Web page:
One thing to keep in mind (which everyone in this thread seems to have done so ;) ) is that the ultimate goal of the r-pi is to get a low cost computer into the hands of children to help improve computer literacy across the globe. Now as a very cool by-product of this goal, we hobbyist are being allowed to purchase the board and use it for our nefarious devices (mwa ha ha ha!).

Now the r-pi team has spent a *TON* of their unpaid free time in designing this top notch product and amazingly come up with a board that is (IMHO) within the reasonable definition of open source. Which, frankly, is astounding. It literally wasn't something they had to do, they're just that awesome.

So as discussions occur about the binary blob on the GPU or the lack of sata ports, or VGA, or whatever have you, just continue to keep in mind that the goal of the project is children education and accept it with dignity when the goal of the R-pi team conflicts with the desired addition of your desire ;)

Thanks again for being respectful in this thread guys!
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Re: gpu propietary

Sat Sep 17, 2011 4:06 pm

The thing that worries me is not the GPU firmware itself (which can happily stay closed source as far as I'm concerned), but the aforementioned "closed-source userland module". Unless there's some documentation out there as to how exactly it communicates with the GPU, it kills the idea of running anything other than Linux on the RasPi and hoping to get video output. It may well also mean that you're stuck with a particular kernel (or range of) version if the kernel module ABI changes or required functions are deprecated.

It's the first thing that kills me, as I'm hoping to drop a very low-level realtime kernel on RasPi as the core of my hypothetical scheme system.

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Re: gpu propietary

Sat Sep 17, 2011 4:24 pm

Quote from tufty on September 17, 2011, 17:06
The thing that worries me is not the GPU firmware itself (which can happily stay closed source as far as I'm concerned), but the aforementioned "closed-source userland module". Unless there's some documentation out there as to how exactly it communicates with the GPU, it kills the idea of running anything other than Linux on the RasPi and hoping to get video output. It may well also mean that you're stuck with a particular kernel (or range of) version if the kernel module ABI changes or required functions are deprecated.

It's the first thing that kills me, as I'm hoping to drop a very low-level realtime kernel on RasPi as the core of my hypothetical scheme system.

I think it depends on what you want to do. If you happy with just the Arm processor (Can you get a 700 MHz arm board for $25?), and don't need the GPU facilities, I *think* you will probably be OK (The only bit you need to get working is the framebuffer and I think that's simple a matter of writing to memory). I *think* things like Ethernet and USB are standard kernel drivers. If you want to use GPU acceleration you might struggle. I really don't know how much of the drivers to access that will remain closed.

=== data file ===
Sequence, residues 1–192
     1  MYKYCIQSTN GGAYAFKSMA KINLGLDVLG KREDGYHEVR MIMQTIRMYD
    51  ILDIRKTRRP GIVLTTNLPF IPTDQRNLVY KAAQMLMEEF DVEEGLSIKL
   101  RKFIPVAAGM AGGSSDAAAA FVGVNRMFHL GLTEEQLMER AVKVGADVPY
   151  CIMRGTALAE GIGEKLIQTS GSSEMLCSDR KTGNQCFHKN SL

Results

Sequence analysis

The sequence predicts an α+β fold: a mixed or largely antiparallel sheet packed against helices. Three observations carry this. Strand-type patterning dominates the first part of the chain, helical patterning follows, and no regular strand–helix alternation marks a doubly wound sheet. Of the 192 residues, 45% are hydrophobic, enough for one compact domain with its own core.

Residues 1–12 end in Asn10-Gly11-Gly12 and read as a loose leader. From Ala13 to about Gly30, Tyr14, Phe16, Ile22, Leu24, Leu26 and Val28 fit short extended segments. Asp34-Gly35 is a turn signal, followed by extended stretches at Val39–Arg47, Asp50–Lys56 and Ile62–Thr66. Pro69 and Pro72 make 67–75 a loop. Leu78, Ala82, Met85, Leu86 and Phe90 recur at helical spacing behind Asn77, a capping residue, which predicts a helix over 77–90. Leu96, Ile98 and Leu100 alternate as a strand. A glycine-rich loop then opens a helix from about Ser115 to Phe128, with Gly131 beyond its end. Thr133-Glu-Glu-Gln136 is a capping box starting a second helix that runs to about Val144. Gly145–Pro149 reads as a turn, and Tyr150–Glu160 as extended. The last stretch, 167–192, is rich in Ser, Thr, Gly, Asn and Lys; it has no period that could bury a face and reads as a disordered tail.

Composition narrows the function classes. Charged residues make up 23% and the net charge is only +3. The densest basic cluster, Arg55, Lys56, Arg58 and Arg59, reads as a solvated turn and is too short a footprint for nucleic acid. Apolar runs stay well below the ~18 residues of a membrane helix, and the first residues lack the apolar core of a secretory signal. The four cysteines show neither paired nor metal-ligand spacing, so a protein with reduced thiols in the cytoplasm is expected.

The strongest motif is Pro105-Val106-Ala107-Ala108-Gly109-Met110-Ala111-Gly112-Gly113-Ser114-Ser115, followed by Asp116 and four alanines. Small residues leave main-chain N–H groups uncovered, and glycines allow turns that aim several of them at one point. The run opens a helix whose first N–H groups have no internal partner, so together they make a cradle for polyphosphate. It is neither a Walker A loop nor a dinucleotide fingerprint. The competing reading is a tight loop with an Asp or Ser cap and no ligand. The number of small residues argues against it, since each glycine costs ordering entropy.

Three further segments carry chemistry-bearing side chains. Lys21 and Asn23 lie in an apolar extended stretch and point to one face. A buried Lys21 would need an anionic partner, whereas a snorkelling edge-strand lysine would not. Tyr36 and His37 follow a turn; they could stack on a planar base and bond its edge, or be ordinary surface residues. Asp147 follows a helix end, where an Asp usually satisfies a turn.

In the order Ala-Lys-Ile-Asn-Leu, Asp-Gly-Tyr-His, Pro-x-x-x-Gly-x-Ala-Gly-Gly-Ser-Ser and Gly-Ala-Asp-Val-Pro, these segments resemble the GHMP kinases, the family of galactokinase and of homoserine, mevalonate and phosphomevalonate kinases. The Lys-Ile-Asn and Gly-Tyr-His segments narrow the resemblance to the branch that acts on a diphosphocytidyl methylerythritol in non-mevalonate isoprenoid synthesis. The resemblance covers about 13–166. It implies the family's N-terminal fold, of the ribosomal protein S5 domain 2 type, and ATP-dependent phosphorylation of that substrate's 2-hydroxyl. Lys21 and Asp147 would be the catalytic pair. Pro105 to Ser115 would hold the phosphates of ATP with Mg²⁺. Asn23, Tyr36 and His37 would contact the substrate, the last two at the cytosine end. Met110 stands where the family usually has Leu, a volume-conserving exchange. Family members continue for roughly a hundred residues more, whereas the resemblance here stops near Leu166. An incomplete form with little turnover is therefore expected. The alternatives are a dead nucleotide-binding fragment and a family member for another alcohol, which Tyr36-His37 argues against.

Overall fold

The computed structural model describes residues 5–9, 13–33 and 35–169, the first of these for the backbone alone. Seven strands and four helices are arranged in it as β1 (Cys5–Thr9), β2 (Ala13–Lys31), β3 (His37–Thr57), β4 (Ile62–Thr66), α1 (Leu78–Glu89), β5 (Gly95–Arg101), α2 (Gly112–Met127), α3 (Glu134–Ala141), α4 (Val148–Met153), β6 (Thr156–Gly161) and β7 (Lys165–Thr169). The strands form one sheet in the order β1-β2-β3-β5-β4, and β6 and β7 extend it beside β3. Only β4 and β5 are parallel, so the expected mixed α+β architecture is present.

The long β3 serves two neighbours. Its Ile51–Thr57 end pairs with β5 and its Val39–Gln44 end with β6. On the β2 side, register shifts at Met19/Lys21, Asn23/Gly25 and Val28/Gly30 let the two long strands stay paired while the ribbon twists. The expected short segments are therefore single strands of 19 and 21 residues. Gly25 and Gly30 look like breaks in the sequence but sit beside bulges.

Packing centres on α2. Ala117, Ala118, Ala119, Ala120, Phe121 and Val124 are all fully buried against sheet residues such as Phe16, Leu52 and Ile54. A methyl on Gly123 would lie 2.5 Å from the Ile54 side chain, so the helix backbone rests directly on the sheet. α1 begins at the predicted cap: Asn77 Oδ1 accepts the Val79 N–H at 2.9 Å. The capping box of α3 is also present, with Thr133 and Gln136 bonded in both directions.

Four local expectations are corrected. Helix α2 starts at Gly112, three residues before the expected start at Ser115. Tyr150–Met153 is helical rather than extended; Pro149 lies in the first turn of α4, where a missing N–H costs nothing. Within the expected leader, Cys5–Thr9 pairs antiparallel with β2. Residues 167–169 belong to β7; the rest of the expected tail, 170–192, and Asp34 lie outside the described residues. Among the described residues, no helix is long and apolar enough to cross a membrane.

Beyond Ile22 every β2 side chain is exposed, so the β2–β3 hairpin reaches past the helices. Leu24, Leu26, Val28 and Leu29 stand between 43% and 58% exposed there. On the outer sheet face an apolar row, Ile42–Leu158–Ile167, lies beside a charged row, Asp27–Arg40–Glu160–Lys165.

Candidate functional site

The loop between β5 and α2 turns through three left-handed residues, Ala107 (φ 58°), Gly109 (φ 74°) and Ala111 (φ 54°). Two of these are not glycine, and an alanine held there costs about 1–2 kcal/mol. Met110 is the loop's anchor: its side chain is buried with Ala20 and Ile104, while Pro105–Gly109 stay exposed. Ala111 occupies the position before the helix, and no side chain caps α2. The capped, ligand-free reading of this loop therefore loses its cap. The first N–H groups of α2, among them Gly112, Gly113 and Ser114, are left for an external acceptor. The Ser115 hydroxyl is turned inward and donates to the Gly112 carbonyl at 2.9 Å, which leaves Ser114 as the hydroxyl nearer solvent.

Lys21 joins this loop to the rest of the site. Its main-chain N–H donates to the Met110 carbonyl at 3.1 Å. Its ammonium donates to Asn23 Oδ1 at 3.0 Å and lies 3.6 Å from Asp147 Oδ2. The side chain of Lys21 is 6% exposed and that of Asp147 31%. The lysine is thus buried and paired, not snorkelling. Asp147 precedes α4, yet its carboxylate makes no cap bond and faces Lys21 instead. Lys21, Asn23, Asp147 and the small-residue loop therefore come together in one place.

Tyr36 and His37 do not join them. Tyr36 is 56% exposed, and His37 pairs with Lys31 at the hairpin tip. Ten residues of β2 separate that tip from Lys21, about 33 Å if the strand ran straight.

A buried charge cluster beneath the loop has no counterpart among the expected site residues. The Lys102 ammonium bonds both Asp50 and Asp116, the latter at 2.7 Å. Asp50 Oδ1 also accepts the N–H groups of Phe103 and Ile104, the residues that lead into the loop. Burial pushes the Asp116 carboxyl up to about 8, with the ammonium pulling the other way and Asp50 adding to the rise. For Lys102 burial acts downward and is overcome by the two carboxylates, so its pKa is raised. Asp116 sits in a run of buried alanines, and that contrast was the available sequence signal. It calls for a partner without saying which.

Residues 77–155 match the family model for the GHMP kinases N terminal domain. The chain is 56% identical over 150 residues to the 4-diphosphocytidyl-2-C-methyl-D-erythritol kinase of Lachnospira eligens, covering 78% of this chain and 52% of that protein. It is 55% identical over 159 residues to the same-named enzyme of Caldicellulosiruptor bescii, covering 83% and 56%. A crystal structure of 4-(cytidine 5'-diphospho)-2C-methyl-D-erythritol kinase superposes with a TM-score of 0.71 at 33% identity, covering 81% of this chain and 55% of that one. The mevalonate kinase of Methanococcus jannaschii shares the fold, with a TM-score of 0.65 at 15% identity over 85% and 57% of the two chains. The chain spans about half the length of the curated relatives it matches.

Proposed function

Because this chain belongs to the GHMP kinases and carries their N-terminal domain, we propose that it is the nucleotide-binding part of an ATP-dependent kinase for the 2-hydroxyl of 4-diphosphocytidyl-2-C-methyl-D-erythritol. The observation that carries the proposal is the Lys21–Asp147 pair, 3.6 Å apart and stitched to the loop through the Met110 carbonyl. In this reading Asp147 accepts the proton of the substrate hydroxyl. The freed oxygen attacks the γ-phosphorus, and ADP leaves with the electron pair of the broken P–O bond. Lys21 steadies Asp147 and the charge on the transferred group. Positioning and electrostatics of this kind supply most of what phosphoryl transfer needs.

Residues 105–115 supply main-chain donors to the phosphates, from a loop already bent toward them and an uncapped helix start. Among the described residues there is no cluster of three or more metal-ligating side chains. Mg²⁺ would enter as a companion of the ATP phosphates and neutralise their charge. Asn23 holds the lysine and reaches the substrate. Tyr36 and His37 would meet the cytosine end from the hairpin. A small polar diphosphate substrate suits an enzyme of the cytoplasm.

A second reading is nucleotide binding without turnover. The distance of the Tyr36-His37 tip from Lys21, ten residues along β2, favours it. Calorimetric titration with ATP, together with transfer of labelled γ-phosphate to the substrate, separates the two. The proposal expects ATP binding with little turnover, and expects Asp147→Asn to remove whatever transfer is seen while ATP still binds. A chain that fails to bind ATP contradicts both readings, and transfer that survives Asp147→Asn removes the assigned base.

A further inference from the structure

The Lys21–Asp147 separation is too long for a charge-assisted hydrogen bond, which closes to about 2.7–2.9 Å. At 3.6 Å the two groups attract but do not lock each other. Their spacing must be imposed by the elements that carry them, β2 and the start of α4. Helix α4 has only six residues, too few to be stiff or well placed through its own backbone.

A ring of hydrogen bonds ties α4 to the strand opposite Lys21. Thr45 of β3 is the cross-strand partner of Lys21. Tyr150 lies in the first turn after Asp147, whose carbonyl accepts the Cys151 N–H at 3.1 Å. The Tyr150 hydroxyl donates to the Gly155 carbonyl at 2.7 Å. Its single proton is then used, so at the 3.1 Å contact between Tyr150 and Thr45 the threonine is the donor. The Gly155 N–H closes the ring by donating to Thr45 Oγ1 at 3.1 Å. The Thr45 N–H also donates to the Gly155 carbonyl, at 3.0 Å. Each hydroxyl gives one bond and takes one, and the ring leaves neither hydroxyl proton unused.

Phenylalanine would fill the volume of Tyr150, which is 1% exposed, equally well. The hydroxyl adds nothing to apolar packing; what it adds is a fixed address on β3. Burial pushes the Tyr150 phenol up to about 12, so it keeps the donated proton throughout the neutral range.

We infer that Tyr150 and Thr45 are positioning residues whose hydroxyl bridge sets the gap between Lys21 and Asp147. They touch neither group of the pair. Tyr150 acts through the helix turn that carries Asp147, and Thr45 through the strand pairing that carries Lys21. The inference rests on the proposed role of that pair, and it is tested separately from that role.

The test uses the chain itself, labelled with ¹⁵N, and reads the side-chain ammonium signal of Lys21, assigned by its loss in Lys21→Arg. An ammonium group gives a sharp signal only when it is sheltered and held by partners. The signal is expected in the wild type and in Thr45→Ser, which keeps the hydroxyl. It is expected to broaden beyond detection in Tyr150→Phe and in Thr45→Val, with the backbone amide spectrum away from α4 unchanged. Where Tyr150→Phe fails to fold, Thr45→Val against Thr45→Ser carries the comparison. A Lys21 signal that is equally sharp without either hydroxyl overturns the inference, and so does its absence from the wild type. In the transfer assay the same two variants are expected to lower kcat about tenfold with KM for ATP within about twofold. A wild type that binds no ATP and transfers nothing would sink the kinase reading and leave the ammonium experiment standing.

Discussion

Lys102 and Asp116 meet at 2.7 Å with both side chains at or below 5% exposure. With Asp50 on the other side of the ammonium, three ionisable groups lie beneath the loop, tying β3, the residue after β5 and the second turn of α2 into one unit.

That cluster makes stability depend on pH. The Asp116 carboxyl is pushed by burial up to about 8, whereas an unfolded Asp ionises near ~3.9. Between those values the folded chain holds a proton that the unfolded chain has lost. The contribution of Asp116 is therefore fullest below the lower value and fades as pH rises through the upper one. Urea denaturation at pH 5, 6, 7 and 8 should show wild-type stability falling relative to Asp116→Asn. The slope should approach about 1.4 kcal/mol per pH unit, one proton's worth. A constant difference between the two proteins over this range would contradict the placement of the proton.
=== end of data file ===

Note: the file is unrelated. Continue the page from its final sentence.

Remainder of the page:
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Re: gpu propietary

Sat Sep 17, 2011 5:29 pm

Yup, Liz has also mentioned that it's a matter of writing the right data into the right memory location to get a framebuffer display working. So that shouldn't be that much of a problem. It's the rest of the multimedia that would be problematic. However, if you're writting your own OS, you'd be lucky to get to a stage where that sort of thing matters.

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Re: gpu propietary

Sat Sep 17, 2011 6:46 pm

Quote from ShiftPlusOne on September 17, 2011, 18:29
Yup, Liz has also mentioned that it's a matter of writing the right data into the right memory location to get a framebuffer display working.
If that works without requiring the presence of the low-level drivers, that's good enough for a start.

It's the rest of the multimedia that would be problematic. However, if you're writting your own OS, you'd be lucky to get to a stage where that sort of thing matters.
Not sure about the last bit, writing an OS kernel isn't much more difficult than writing any other piece of software. In many ways, it's easier, especially if you're targetting one piece of hardware, or a family of closely related devices. But even so, it makes porting things like the *BSDs, Minix, or anything that doesn't use the Linux kernel pretty damned problematic. If you only have a framebuffer and no acceleration, you might as well forget doing anything graphically intensive.

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Re: gpu propietary

Sun Sep 18, 2011 8:18 am

when I raised the questions I knew almost nothing which has not changed very much. New questions grow up during reading the answers.
- Can a community founded for education publish closed source software?
- For launch time of the system a Debian distribution is announced. Is it acceptuell to name it
Debian if the booting system is closed source?
- I am no teacher. But as a teacher for mathematics I would insist that for a Cauchy Sequence
there is a proof of convergence and the value of convergence. The used algorithm should be
completely documentated. Should this not als be a guidance for a firm in the field of education?
-

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Re: gpu propietary

Sun Sep 18, 2011 9:20 am

- Can a community founded for education publish closed source software?
Why not? Most educational software and software used in education is closed source.
- For launch time of the system a Debian distribution is announced. Is it acceptuell to name it
Debian if the booting system is closed source?
Sure. My understanding is that the GPU does its thing in terms of loading its binary firmware, kicks off "some other code" (in this case a debian kernel) and then goes away. Think of the GPU being the same as your BIOS / EFI / OpenFirmware.

Once you're into Linux, having a default-installed binary driver talking to the GPU might be problematic; the situation is the same as NVidia, and debian doesn't install NVidia's closed-source drivers by default. Definitions of "free" and all that jazz. Personally, though, and pragmatically speaking, I'd prefer the binary drivers to be installed by default.